The, The Greatest Threat Of Public Confidence

1950 Words8 Pages
Jimmy Rizzo
Mr. Kotlewski
Period 3
13 January 2017
The Latter Amendments Essay Draft As Ruth Bader Ginsburg once said, “The greatest threat to public confidence in elections in this case is the prospect of enforcing a purposefully discriminatory law, one that likely imposes an unconstitutional poll tax and risks denying the right to vote to hundreds of thousands of eligible voters” (Ruth Bader Ginsburg Quote). To elaborate, the Twenty Fourth Amendment forbids any government from making voters pay poll tax, money, or a fee to vote in any election. This opens up the right to vote to many more American citizens of any ethnicity or gender. To justify, a poll tax was a tax that was simply just paid for living in a taxed area, but became very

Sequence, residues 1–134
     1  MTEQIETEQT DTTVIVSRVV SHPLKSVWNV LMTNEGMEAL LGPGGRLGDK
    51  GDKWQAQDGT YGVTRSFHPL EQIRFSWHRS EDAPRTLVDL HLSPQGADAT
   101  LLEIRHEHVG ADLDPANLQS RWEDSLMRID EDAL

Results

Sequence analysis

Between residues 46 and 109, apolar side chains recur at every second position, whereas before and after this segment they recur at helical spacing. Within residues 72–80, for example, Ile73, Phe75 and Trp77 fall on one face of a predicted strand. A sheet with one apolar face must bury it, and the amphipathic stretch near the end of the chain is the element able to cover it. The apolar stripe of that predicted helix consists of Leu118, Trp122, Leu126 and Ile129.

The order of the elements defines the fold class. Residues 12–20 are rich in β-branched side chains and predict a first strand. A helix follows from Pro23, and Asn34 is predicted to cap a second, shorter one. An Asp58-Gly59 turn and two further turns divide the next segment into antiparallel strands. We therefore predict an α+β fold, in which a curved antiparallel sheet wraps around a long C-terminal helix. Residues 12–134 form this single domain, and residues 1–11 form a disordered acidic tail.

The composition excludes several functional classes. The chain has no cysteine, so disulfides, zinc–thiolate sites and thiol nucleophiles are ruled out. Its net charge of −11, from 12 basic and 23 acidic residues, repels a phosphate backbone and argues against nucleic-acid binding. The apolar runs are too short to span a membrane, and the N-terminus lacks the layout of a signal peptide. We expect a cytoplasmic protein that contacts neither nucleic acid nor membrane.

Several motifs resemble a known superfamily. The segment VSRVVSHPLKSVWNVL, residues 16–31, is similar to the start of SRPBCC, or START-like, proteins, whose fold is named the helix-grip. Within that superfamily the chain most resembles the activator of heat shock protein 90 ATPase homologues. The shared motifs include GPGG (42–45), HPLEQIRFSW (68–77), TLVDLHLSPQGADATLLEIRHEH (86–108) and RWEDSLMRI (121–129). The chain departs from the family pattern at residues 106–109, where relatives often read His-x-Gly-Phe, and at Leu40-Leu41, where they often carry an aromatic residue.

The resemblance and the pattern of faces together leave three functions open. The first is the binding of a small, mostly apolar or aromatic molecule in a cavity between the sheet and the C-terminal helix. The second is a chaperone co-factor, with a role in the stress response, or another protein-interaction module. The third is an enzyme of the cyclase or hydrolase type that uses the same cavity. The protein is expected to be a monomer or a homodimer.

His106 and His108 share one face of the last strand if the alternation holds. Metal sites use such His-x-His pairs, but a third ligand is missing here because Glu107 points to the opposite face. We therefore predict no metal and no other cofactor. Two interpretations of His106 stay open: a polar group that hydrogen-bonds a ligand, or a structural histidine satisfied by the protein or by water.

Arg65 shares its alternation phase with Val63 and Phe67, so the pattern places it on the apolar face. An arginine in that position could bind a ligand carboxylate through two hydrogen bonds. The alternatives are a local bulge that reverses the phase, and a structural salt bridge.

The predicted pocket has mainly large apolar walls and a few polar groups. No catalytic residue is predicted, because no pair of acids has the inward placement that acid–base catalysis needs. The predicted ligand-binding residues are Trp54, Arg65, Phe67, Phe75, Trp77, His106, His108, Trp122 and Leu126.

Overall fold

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Toombs was known for his unfair practices to the African races, and usually if a white person could not afford to pay their poll tax, he was also known to “buy their vote” and pay the tax for them. Months after the Civil War ended, some Constitutional amendments were passed helping black rights and giving them the freedom to vote. Southerners were afraid of all this new political power towards the Negroes, so they did whatever they could to limit that power, and made it nearly impossible for Negroes to vote with the new laws they passed. With the Ku Klux Klan being formed and more discriminatory acts to interfere with black voting rights, it was not until the civil rights movements of the 1950’s and 1960’s until the amendment was finally brought up, almost a century later. During the Ku Klux Klan era, southerners passed laws to limit the power of African Americans, otherwise known as black codes. They did whatever they could to limit the black’s freedom, even with such small things like requiring them to use a different water fountain or, even bigger, forcing them to pay an unreasonable poll tax to vote. With the rise of civil rights acts though, it became harder and harder to limit their power, and in the middle of 1962 when Congress proposed the amendment to require no fee to vote, southerners knew that this was more of the beginning of racial movements and equal rights to all.

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